Monday, November 21, 2011
Invest in Yourself With These Healthy Living Practices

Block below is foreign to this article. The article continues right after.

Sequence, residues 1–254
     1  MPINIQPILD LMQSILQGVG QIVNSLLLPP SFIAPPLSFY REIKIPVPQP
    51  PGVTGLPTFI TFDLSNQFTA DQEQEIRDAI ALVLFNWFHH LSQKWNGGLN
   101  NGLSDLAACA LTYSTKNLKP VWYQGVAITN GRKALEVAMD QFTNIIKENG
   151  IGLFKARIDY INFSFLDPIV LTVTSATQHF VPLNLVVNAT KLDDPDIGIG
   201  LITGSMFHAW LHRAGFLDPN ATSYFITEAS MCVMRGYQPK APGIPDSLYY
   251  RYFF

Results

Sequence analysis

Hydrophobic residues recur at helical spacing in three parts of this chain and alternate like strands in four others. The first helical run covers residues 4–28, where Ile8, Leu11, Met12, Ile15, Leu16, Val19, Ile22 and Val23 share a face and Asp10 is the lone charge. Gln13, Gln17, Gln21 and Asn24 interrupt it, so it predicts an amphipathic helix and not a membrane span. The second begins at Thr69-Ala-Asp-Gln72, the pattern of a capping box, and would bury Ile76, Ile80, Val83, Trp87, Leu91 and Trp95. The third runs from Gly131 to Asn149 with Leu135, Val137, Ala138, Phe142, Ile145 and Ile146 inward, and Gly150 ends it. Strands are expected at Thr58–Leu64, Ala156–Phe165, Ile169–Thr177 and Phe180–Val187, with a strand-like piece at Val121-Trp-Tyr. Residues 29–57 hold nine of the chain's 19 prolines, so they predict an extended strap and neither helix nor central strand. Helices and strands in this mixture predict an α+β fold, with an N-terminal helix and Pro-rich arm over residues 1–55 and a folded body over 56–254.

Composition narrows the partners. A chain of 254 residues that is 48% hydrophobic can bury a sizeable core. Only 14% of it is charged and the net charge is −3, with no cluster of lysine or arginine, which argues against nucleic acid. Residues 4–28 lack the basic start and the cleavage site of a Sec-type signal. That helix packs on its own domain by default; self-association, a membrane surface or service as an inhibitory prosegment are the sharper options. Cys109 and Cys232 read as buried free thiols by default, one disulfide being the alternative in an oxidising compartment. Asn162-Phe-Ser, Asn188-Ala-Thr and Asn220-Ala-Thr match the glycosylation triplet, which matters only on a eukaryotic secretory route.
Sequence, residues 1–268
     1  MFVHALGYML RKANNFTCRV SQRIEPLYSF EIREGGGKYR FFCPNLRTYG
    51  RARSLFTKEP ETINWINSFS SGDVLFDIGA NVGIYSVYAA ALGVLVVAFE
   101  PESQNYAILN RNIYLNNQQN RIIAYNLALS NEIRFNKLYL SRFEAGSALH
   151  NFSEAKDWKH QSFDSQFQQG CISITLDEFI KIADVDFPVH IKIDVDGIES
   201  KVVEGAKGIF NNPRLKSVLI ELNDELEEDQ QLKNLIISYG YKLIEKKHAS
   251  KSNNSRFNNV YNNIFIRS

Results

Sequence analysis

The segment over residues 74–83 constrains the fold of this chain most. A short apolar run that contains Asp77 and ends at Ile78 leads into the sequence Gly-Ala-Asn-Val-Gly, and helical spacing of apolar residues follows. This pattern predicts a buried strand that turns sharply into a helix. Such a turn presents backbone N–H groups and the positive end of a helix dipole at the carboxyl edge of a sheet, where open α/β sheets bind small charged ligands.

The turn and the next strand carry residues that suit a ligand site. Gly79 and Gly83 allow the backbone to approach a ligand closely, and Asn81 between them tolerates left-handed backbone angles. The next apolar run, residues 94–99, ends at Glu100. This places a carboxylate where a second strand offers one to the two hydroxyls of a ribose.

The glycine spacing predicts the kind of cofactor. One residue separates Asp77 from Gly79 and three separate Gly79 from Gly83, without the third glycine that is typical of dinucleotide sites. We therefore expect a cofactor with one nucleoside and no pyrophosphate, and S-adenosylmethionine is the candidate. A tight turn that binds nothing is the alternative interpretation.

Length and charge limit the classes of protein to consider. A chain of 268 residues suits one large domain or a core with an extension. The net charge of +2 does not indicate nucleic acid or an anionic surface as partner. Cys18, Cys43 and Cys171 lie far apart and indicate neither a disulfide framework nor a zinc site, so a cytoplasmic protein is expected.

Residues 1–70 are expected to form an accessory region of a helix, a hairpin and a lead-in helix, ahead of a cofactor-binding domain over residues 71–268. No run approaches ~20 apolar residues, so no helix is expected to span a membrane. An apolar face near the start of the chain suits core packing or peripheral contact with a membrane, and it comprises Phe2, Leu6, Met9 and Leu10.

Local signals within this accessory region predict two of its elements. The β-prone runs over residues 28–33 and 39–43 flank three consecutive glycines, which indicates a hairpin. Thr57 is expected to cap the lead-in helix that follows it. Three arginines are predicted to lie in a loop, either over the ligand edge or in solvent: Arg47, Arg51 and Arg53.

Are you thriving or surviving? Are you living a life you love or do you feel exhausted most of the time, accompanied with an overwhelming sense that there's just not enough time in the day? Financial gurus tell us to, "pay yourself first" and to immediately place 10% of our income into an account for our future. They say when we invest money into a long-term plan and consistently add to it, the future dividends grow at an exponential rate. This same premise holds true with regards to our health and well-being. When we invest small increments of time and energy over a long period of time into self-care, the returns are also exponential for health and vitality. When investing in your health, it helps to know exactly what you need to do. The following is a list of healthy living practices that will help you increase your energy, health and happiness: 1. Nutrition. Food affects us on so many levels: body composition, mood, energy and immune response. On the cellular level, it's true "you are what you eat". The foods and their nutrients are the raw materials to repair and rebuild our cells. The human body reproduces over 300 billion new cells on a daily basis. That's a lot of opportunity to replace old weak cells with stronger, more resilient ones! With the correct type and quality of nutrients, you can build a stronger and healthier body in no time. 2. Exercise. The body is made to move. In fact, without physical activity, some physiological processes fail to work at all, and others work less than optimally. For instance, the pumping action of the lymphatic system, which facilitates cellular nutrition and waste removal, is improved with physical movement. There are 4 types of exercise that add a dimension to health and fitness: a. Aerobic activity. This is any activity in which you sustain an elevated heart-rate and respiration for an extended period of time, typically over 20 minutes. The benefits of a cardiovascular workout include healthier heart and lungs, improved circulation, digestion, mood, energy, increased immune response and caloric burn. b. Resistance training. Also known as strength or weight-training, many women now understand that lifting weights affects them differently than it does men. For women, their bodies will build more muscle but, unless they decide on a professional career in body building, will never achieve the mass men do. Even small changes in body composition will enhance daily metabolism, burning calories at a faster rate. `Pumping iron' increases range of motion, muscle tone, maintains joint stability and increases muscle strength, bones, tendons and ligaments. c. Flexibility or stretching. As one of the most under-rated forms of exercise, stretching is your best friend, especially as we age. The benefits of increasing our flexibility include alleviating stress and muscle tension; facilitates muscle recovery as well as being a conducive cool-down that maintains and increases range of motion and mobility; improves posture and reduces pain; and enhances circulation and oxygen delivery to muscles. d. Mind-Body. Recently, this type of activity has been achieving popularity in the West. Mind-body exercises are those which require us to place our awareness in our body, posture, breathing and movements. Some examples include active forms like Tai-chi, certain types of yoga and Pilates; while restorative forms include yoga and meditation. When practicing mind-body exercises, expect to experience stress-reduction, improved circulation and energy flow, increased mindfulness and improvement in the benefits and performance in the other forms of exercise listed above. 3. Stress-Reduction Techniques. In today's world, it is nearly impossible to avoid all stress. Actually, some levels of stress are beneficial! However, if stress is not managed properly, it can accumulate in our body and affect us on a cellular level. Eventually, if the stress is not released, it manifests in the form of physical ailments. Besides nutrition and exercise, here are several suggestions to release your stress: a. Eliminate unnecessary tasks, responsibilities and obligations. Learn to say no and know your limits. Much of what we do on a daily basis is unimportant to us and others. b. Journaling. A great way to process feelings is through writing. Many people find it relieving to get their thoughts and feelings on paper and out of their heads and hearts. c. Money-management. Financial stress is typically the number one source of tension for most of us. Taking control of our finances and tying up loose ends in money matters will help free up a lot of wasted energy. Investing in your health is a life-long practice. When you first embark on this journey, it may be a little rough. But when you start small and focus more on consistency, these healthy living practices outlined above become second nature. If you'd like to make it easier for yourself, enlist the assistance of a qualified professional health practitioner to help you along the way. One way to do this is to join group events, like the health and fitness retreat I will be attending in April, 2010. "Retreat to Healthy Living in Barbados" is a week-long event for women looking to develop and enhance healthy living practices. Dr. Stacy Irvine is a founder and co-owner of Totum Life Science, a boutique fitness and health care center in Toronto. Through her work as a chiropractor and strength and conditioning specialist, Dr. Irvine's clientele ranges from beginners, just starting out on an exercise program, to elite and professional athletes, looking for advanced rehabilitation and training program strategies.